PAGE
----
But all of these are better options than throwing more capacity at routes that compete domestically (and where they make no money at all). Look at the initial fares – $1600 round trip to some of the African destinations. Better than using the aircraft for a $149 round trip from Atlanta to the West Coast.

  3. Right, adding much domestic capacity is probably a stone cold loser for them. I’ve always assumed that there wasn’t much service to Africa (except South Africa) because there wasn’t the demand (and the limited demand could be met on connecting flights thru Europe). Ditto most Middle Eastern nations (where I presume there’s a little more demand, but that it’s low yielding ethnic travel, not business people).

    I’ve always assumed that all the airlines can run the numbers, and that the revenue just wasn’t there. But maybe that assumption was wrong. Delta did launch some India service that Continental soon copied.

    I agree that some of the Latin stuff probably won’t work. Liberia, Costa Rica? Without feed, how many New Yorkers are headed there each day? It’s a beach destination, and you’re going to have to sell it cheap to fill it up.

  4. Are you aware that if you make a 1st Class reservation with American Airlines and they bump you to coach they do not, and will not refund the difference?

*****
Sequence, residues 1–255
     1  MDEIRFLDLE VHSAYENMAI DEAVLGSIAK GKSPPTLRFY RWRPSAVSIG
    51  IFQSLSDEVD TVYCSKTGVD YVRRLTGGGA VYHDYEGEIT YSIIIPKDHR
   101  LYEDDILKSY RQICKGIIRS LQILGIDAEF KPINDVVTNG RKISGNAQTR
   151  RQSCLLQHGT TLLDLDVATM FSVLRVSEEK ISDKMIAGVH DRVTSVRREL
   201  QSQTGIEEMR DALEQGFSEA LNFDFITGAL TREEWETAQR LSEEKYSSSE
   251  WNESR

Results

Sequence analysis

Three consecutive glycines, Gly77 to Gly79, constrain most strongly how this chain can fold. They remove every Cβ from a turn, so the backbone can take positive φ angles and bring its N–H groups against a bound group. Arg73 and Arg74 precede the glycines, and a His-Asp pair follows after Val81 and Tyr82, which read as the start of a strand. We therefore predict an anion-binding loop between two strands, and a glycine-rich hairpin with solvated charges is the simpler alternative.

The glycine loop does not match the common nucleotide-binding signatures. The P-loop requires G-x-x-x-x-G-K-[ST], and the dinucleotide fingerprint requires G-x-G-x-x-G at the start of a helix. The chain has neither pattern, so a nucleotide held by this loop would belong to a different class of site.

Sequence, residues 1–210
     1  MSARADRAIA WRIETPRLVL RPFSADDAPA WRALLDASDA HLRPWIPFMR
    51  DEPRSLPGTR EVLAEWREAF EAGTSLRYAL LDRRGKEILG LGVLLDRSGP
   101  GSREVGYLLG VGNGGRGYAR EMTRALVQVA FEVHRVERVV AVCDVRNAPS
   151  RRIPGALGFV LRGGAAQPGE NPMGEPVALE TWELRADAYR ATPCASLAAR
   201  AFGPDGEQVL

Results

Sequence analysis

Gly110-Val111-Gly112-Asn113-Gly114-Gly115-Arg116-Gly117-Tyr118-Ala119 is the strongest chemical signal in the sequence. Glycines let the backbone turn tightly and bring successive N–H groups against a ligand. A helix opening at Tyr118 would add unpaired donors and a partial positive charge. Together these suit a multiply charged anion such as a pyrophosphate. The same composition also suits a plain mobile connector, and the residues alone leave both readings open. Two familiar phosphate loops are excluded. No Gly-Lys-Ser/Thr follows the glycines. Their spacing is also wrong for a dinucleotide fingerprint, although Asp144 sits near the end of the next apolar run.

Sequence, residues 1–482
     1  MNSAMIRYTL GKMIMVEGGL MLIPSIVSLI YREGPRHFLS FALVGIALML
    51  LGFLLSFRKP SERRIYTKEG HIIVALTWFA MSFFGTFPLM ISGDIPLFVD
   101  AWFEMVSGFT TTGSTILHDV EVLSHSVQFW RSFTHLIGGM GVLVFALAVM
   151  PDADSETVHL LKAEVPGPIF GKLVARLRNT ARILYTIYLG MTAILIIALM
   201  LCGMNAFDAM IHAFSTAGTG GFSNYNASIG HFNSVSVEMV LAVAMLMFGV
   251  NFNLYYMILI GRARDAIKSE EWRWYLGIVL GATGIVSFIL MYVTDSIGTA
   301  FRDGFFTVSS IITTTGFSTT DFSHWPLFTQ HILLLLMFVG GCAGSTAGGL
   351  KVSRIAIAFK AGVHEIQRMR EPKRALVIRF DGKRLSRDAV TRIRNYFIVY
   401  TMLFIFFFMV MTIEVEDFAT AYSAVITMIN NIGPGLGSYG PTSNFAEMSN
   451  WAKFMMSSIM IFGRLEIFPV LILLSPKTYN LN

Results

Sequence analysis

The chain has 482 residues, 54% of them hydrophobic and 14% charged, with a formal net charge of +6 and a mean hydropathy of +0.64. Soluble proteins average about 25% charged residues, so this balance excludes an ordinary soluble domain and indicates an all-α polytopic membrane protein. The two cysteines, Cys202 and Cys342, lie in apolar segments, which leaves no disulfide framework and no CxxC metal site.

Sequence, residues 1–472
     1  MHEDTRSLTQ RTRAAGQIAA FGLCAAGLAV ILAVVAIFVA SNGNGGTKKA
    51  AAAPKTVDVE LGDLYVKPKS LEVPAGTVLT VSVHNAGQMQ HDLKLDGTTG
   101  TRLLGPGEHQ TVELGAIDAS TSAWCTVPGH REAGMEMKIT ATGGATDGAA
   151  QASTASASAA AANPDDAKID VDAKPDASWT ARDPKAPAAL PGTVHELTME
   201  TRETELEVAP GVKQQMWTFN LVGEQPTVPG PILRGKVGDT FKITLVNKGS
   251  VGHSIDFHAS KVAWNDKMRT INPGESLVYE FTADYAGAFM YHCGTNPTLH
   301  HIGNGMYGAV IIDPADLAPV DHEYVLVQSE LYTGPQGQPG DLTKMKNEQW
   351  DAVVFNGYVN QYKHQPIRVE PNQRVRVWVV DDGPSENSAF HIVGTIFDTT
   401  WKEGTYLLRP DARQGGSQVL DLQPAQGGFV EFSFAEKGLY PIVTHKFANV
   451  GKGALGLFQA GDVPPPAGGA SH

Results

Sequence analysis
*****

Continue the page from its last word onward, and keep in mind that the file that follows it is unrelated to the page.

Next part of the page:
We own a fine jewelry store here in San Mateo – could you please come in and buy a $5600.00 (our 1st Class tickets) watch, and I will adjust the band and ask you to pick it up tomorrow. Tomorrow you come in and I will hand you an $1800. watch (coach fare) and tell you the first watch has been cancelled due to mechanical difficulties – no refunds – and please come in and do business with us again soon. You are a valued customer.

    That is what AA has done to us. Can you explain this please? Can you please help us get our $3800.00 refund from AA? I sure appreciate your time – and boy, do I have a watch for you!
    Thank you, Leslie Rosenberg

  5. What I want to know is why almost all European-bound flights – including Delta’s new service, apparently – leave in the evening and land in the morning. Virgin Atlantic has one of the few flights to London that leaves in the morning and arrives in the evening, which allows you to then get some rest and actually be awake for meetings the next day.

    -avi

  6. 1) About getting bumped to coach from first: There’s something missing from your story. Shoot me an email at jared (at) onlinetravelreview.com and we’ll figure out what’s going on.

    2) Avi – yes, there are a couple of day flights to London, and Air France has a day flight to Paris. But the demand for day flights to other cities simply isn’t there. People prefer to sleep (or “sleep” as it were) on the plane and have the full day in Europe. Or they prefer to fall sleep in their meetings.

Leave a Comment


NOTE - You can use these HTML tags and attributes:
<a href="" title=""> <abbr title=""> <acronym title=""> <b> <blockquote cite=""> <cite> <code> <del datetime=""> <em> <i> <q cite=""> <s> <strike> <strong>